Friday, July 20, 2012

Masterpiece Cakeshop: Serving up cakes, brownies, and homophobia

By Drew Wilson

David Mullins (l) and Charlie Craig (r) were turned away from Lakewood bakery, Masterpiece Cakeshop, on July 19 after attempting to order a cake for their wedding and being refused by owner Jack Phillips.

David Mullins then posted the following to his Facebook page:

So, I'm about as pissed as I've been in a long time. Today, Charlie and I went to cakeshop to get a wedding cake and were turned away and informed they did not serve gay weddings. I AM FURIOUS! But, I'm also not going to take this lying down. Below, I've attached a photo of the storefront for Masterpiece Cakeshop. Their contact information is:

3355 South Wadsworth Boulevard Lakewood, CO 80227
(303) 986-3110

If any of my friends out there is interested in making a statement in support of us and the right of gays to marry, I would most appreciate it if you might drop them a line or an e-mail. Thanks in advance

I was made aware of the incident this afternoon (thanks to beautiful and talented blogger Dan Hanley) and called Masterpiece Cakeshop to get to the bottom of the situation. When I asked Phillips if it was true that he had a policy against doing business with the gay community, he said, "Correct." I then asked him to explain the reasoning behind his policy and he said, "No. Just use your imagination." He then said he had no further comment and we ended the call.

At 1:39 pm today, Westword posted an article about the incident and quoted Mullins as saying, "It was the most awkward, surreal, very brief encounter ..." The article quoted another source who claimed to also have been refused a wedding cake but received a call from the bakery afterwards with an offer to make something "unlike a wedding cake" instead.

Living nearby, I decided to drive over to Masterpiece Cakeshop before closing time to see if I could speak with Mr. Phillips in person. A small, lean, soft-spoken 50-something man with longish grey hair and a wedding ring prominently displayed on his left hand, Phillips seemed wary but not at all unpleasant. I introduced myself and we shook hands. He didn't seem to mind speaking with me but did ask that I not record the conversation.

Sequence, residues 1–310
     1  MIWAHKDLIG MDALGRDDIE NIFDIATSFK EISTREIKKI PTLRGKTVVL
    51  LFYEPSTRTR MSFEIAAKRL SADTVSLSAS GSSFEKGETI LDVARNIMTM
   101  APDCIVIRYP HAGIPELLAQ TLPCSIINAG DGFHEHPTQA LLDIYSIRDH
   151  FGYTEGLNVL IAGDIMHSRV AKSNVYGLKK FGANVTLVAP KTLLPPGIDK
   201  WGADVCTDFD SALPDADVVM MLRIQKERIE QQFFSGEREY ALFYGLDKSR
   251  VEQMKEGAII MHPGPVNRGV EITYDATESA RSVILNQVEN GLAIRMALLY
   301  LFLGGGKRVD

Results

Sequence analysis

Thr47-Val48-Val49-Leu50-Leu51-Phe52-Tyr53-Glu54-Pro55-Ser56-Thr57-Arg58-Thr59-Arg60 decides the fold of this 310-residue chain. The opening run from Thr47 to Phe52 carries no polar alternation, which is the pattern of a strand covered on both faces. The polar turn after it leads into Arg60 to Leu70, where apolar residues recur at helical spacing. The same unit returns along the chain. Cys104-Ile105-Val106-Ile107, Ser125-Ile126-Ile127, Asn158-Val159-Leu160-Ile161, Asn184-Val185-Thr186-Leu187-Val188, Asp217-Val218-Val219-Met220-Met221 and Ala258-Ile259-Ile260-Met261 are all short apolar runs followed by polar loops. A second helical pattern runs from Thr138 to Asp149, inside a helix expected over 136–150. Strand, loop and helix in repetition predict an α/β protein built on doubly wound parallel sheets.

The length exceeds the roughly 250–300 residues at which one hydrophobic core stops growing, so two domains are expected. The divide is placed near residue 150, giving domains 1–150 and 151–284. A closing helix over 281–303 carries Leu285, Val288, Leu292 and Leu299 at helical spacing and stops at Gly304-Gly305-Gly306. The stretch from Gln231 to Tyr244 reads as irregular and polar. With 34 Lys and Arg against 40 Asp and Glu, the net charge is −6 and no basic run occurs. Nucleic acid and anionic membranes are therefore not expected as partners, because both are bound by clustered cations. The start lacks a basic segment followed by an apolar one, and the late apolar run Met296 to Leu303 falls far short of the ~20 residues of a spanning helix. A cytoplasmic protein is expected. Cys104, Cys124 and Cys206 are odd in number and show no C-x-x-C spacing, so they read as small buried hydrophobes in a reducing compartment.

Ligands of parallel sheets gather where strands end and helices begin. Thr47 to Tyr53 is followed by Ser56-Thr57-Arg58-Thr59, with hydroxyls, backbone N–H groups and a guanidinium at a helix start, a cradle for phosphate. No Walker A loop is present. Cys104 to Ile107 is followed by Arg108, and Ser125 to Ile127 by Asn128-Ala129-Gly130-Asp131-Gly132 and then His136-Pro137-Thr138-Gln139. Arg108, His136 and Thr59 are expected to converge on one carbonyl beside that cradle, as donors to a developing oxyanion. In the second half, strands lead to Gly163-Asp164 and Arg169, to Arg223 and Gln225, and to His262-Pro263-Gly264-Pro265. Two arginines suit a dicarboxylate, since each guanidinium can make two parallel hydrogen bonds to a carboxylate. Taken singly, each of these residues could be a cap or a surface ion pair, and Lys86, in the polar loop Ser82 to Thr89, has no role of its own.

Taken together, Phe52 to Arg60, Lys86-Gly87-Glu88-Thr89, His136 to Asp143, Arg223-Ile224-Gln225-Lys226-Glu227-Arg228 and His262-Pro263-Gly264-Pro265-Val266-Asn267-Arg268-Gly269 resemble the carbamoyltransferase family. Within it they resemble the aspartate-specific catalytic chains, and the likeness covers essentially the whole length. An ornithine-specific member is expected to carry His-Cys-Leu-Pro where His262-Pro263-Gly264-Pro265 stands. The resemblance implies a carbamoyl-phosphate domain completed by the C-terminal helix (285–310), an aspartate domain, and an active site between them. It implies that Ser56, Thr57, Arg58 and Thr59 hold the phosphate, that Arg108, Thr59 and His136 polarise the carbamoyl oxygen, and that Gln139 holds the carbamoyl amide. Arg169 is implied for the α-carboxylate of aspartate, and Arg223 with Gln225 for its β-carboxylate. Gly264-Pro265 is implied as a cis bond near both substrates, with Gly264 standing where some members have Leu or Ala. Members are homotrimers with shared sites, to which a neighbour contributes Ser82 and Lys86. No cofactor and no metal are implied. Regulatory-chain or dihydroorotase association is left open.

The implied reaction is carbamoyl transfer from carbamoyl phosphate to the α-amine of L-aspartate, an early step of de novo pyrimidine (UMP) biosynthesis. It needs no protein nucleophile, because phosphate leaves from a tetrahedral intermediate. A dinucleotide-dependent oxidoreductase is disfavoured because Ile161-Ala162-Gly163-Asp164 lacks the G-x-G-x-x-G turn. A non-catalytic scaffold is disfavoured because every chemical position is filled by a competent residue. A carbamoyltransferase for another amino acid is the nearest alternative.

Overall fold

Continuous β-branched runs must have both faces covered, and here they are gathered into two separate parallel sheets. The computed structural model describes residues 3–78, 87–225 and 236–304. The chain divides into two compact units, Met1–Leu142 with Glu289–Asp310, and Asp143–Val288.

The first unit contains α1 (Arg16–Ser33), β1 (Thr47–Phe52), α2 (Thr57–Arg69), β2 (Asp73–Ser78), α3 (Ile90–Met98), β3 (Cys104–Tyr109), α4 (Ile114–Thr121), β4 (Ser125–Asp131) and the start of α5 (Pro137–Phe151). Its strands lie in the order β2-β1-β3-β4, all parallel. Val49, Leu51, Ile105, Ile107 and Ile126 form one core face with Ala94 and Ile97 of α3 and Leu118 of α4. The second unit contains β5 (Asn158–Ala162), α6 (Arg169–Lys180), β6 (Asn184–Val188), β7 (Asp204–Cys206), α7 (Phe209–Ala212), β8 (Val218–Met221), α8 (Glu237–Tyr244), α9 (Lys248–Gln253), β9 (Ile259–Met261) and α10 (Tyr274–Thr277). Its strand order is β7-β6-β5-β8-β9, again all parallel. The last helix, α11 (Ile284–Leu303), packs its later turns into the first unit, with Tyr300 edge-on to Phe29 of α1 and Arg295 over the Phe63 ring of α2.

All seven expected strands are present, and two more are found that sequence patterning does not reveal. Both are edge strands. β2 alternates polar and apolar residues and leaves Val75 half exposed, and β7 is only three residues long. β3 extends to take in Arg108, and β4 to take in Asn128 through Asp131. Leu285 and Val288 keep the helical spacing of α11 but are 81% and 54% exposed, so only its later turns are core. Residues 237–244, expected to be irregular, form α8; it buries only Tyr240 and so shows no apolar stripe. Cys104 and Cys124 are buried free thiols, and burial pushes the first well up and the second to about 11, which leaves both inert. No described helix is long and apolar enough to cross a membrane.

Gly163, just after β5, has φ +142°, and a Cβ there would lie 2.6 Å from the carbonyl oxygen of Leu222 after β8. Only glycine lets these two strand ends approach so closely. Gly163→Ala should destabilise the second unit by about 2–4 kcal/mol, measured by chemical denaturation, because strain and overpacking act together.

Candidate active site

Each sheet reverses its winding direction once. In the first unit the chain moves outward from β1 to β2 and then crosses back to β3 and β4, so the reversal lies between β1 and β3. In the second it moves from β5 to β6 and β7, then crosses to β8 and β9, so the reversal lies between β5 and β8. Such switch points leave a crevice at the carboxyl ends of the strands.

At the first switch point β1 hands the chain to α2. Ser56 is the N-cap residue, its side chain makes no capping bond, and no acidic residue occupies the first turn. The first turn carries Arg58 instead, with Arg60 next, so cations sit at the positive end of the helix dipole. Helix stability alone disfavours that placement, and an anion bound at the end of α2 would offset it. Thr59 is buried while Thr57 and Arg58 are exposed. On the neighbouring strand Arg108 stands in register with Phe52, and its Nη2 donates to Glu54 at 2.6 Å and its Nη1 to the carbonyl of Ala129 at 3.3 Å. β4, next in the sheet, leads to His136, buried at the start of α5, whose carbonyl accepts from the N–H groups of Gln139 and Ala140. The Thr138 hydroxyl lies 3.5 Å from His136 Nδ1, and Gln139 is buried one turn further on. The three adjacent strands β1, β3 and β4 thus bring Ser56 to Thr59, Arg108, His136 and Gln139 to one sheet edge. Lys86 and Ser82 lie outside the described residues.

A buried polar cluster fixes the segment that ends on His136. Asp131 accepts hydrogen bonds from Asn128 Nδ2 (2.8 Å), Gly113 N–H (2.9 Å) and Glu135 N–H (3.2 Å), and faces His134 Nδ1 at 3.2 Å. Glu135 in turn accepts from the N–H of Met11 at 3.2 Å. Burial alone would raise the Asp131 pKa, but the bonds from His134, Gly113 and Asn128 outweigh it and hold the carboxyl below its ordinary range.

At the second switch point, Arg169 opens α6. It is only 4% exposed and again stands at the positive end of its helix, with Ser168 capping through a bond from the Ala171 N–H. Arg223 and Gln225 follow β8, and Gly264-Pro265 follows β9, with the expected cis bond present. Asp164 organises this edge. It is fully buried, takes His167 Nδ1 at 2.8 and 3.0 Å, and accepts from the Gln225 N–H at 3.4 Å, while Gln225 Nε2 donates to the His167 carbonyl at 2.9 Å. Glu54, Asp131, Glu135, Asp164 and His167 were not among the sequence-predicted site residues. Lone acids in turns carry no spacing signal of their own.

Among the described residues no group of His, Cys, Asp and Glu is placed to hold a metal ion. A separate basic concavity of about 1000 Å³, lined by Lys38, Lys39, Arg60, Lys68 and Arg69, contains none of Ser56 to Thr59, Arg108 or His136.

I asked him what he thought of the firestorm of controversy the incident had sparked in the form of articles, blog posts, a petition and a Facebook boycott page but Phillips claimed that he was not really aware of any controversy. I asked him if he had seen the mountain of negative reviews that had been posted to his Yelp page or read the Westword article. Phillips stated that he had not checked Yelp nor had he read the Westword article but did acknowledge that he had spoken with them and told them that they could "make up whatever story they like" for the article.

I then asked him if he was aware of Colorado's Housing and Public Accomodations Nondiscrimination law (one of The Rights Five here in Colorado) and if he thought his policy was in violation. Phillips said that he was not aware of the law, didn't know if he was in violation of it, and didn't know how, if at all, the law would affect his business or his policy.

Despite earlier having claimed to be unaware of any controversy, he then spoke of having received numerous phone calls and threats throughout the day but declined to describe the nature or the content of the threats.

Philips went on to say that he has gay friends and even hires gay people but that he "drew the line" at providing wedding cakes for gay couples.

I have calls in to David Mullins and Charlie Craig as well as The GLBT Community Center of Colorado's legal director, Mindy Barton, for quotes and legal perspective and will update when I have heard from them. In the meantime, an official-sounding commenter over at Boy Culture, where they posted about the story yesterday, had this to say:

... David and Charlie can file a charge of discrimination with the Colorado Civil Rights Division. The cake shop is a place of public accommodation covered by the state anti-discrimination law that prohibits denial of equal treatment based upon sexual orientation. Or they may file a lawsuit against the business directly in court. Filing a charge, however, is cost-free and the Division will conduct an investigation. Here's a link to the agency website:

There is a short time limit for filing a charge, only 60 days following the alleged discriminatory act.

Whether or not Mullins and Craig are willing or able to file charges, it seems that at least one positive takeaway of this unpleasant and discriminatory incident is the increase of awareness and activism social media affords us in cases of homophobic business practices. It allows to speak - and listen - to our community and our allies and helps us to make informed choices about which businesses and organizations to support and where we should - and shouldn't - spend our gay dollars.

On his website, Jack Phillips is referred to as a "master pastry chef." The website also says, "If you can think it up, he can make it into a cake!" Obviously, that's not true - if you're gay.

By the way, the following cake pics are from Masterpiece Cakeshop's photo gallery. In this non-master pastry chef's opinion, they're pretty awful. But not as awful as Jack Phillips' homophobic, and possibly illegal, policy.